Junkyard Empire: the music follows their politically active path—Entertainment, etc., By Dwight Hobbes

 

Photo courtesy of Junkyard Empire

 

Junkyard Empire is not your run-of-the-mill hip hop. For one, the band doesn’t have a sexist bone in its body and entirely forgoes gratuitous vulgarity. In fact, these contemporary innovators are a welcome throwback to originators of the genre, showcasing caustic, conscientious social and political commentary.

“Snake In The Grass,” off their newest album, Acts of Humanity Vol. 1 & 2 (MediaRoots Music), goes, “Forget democracy, this is U.S. foreign policy/Destabilize the region then invade them economically/Ironically, State Department denies this tragic comedy/Thousands murdered, organized chaos of a coup d’état /Covert ops for multinational stocks/Building blocks so they can cop third-World cash crops/Criminals for minerals and right wing generals /Paid plentiful to manhandle like animals.”

Acts of Humanity Vol. 1 & 2 follows Reclaim Freedom, Rise of the Wretched, and Rebellion Politik — CDs that soundly established the Twin Cities ensemble as an against-the-grain outfit — steadily building a core following comprised mostly of — no surprise here — political activists. When the 2008 Republican National Convention saw the St. Paul Police Department revoke the Welfare Rights Committee’s permit to protest, Junkyard Empire didn’t need a permit to put together a group of area shows they called the Anti-RNC Tour.

So, that’s exactly what the band did.

“The idea of this little tour around the Twin Cities,” said trombonist and founder Christopher Robin Cox, “is to play shows in celebration of and solidarity with our brothers and sisters who [are] engaged in speaking truth to power during the convention.” Taking their sensibilities abroad, they had the enviable experience of traveling to Cuba as cultural guests, chronicling the experience in the documentary Rock El Imperio, screened in part at Voices Merging’s conference “From Vices To Verses: A New Era of Hip-Hop & Action” at the University of Minnesota.

During their visit to Cuba, Junkyard Empire connected with Obsession, one of the country’s leading hip hop proponents who contributed to Acts of Humanity Vol. 1 & 2 with a guest appearance in the standout cut “Regla.”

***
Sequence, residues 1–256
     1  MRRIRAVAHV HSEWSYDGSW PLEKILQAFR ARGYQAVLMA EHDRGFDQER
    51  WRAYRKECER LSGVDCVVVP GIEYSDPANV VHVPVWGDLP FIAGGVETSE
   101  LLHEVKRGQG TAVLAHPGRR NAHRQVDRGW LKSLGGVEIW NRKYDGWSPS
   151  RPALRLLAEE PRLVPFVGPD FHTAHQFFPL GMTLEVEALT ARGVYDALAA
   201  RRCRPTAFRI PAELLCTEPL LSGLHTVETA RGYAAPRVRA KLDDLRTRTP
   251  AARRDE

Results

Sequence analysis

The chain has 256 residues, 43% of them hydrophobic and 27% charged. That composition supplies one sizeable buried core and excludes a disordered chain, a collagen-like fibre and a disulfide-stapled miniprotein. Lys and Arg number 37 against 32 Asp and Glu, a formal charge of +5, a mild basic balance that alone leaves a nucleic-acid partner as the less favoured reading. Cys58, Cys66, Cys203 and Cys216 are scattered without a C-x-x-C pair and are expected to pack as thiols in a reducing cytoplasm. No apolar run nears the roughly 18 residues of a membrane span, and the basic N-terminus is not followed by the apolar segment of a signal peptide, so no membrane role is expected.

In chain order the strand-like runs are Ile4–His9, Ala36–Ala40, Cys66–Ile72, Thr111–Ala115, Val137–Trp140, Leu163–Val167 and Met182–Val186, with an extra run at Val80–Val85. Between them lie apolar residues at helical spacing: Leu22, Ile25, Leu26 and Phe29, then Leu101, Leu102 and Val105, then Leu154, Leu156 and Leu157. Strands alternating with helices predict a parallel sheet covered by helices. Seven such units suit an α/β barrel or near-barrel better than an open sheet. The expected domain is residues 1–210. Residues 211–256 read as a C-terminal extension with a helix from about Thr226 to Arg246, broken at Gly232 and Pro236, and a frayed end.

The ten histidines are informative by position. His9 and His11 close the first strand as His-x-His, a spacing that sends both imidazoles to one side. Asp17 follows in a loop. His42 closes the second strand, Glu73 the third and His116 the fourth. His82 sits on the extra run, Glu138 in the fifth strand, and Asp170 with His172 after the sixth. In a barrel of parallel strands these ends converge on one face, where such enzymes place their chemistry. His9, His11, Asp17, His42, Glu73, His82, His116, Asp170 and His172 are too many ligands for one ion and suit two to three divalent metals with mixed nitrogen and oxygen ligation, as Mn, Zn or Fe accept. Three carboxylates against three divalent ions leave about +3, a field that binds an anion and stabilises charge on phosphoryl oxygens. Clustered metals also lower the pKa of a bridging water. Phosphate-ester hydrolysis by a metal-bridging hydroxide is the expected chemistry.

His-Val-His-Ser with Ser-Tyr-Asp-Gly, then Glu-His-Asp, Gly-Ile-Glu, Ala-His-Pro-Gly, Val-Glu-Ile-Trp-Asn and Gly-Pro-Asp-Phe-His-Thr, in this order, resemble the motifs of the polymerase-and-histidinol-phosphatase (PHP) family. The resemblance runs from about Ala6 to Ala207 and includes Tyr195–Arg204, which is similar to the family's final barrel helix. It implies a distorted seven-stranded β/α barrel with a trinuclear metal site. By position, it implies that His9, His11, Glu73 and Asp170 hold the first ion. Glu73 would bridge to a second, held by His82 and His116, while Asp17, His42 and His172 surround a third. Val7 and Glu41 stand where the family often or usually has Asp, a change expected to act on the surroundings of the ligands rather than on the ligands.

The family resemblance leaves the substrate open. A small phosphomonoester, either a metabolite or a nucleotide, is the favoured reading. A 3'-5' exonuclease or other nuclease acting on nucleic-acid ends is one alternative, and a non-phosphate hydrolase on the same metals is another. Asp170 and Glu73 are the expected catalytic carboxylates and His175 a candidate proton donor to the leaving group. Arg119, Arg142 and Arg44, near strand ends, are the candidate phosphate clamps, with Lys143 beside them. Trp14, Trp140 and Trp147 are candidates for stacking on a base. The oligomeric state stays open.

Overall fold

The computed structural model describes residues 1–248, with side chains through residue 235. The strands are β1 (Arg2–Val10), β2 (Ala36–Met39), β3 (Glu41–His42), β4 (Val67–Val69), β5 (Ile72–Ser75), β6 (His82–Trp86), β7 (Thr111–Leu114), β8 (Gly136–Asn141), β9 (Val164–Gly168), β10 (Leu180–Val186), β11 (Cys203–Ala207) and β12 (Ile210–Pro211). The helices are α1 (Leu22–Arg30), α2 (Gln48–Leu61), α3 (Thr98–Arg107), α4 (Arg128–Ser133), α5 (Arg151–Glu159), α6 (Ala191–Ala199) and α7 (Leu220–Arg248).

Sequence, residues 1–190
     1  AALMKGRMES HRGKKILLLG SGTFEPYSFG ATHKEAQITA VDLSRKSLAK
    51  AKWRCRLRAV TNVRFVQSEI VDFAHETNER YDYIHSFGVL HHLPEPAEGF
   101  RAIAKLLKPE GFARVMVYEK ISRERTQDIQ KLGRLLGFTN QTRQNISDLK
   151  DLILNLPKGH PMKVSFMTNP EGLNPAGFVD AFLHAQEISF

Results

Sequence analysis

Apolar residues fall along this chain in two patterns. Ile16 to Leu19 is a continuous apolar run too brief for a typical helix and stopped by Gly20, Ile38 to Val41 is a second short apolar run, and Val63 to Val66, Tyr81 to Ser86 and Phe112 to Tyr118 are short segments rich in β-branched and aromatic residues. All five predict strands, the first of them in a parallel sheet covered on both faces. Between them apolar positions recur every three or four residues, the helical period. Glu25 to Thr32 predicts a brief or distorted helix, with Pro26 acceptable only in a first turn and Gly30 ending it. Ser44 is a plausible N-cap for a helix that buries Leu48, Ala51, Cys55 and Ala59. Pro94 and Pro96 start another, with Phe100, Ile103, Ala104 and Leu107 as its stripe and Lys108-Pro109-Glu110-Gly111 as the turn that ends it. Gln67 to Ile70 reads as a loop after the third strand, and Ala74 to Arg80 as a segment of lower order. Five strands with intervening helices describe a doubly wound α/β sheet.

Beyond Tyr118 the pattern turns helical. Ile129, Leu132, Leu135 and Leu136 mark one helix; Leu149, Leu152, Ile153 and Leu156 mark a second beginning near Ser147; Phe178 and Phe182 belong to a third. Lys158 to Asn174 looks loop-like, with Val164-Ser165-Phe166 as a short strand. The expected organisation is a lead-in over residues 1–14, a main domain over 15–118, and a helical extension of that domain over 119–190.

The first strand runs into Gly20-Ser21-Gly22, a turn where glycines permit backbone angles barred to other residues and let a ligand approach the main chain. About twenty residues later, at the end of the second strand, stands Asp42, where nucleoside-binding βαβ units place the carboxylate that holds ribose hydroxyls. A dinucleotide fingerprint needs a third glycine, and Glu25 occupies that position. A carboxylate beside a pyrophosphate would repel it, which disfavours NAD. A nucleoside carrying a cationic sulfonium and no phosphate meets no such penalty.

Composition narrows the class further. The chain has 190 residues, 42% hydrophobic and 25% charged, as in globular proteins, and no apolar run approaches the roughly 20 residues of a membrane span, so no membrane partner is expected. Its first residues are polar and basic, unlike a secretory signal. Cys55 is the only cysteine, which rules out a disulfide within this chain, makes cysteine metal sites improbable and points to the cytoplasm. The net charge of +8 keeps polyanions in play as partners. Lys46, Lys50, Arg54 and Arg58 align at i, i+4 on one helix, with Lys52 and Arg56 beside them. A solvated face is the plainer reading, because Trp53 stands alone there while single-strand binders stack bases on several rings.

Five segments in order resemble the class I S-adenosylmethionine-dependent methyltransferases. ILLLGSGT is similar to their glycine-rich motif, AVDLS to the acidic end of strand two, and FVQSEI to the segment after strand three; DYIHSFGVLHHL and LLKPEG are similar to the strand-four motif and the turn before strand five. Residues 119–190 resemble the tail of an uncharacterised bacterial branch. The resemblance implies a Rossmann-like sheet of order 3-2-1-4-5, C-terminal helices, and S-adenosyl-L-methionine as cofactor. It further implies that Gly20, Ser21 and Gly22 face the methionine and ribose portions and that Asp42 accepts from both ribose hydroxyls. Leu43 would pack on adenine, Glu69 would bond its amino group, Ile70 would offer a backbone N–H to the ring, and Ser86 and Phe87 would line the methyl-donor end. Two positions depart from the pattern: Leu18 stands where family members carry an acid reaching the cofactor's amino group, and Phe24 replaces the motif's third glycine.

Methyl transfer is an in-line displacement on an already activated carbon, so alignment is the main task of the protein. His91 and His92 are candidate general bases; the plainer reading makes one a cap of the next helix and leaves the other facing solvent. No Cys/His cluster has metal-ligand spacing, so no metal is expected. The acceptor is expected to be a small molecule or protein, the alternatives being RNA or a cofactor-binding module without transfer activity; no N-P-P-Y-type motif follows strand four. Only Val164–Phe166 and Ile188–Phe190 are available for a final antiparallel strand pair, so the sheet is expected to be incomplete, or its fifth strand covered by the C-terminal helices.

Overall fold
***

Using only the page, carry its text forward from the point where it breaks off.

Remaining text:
Crafting JE’s lyrics is frontman and rapper Brihanu, a firm believer in using his head as more than a hat rack. For instance, take “Wretched” from Rise of the Wretched:

“I slam poetics with the dialectic of a heretic/Eclectic styles I inherited from the docket files/And walked the highways with James Meredith/Evoke the souls of Langston and James Baldwin/Because there’s a fire in my eyes when I too sing America/But the schools ain’t preparin’ ya’ for the next era/So we sit by in a state of gentle stasis, waiting for the genocide/My genealogy lies in the ocean waves/Created by Africans who refused to be slaves/ So why we slavin’ for the status quo?”

Under his given name, Brian Lozenski, the radical thinker guides young minds, teaching at Network for the Development of Children of African Descent in St. Paul (www.ndcad.org). The stated mission there is “to strengthen the cultural connections within communities of African descent that promote, sustain, and enhance the healthy development of our children.”

Brihanu gave an interview outside the downtown Minneapolis branch of the Hennepin County Library, reflecting on his craft while sipping on a Dunn Bros. smoothie.

MSR: How’s the touring treating you?

BL: It’s okay. We’ve toured the Midwest. It could’ve been better promoted, but we learn our lessons on the road. One thing, though, we’ve been doing well is to connect with large national organizations that’re putting on events and protests.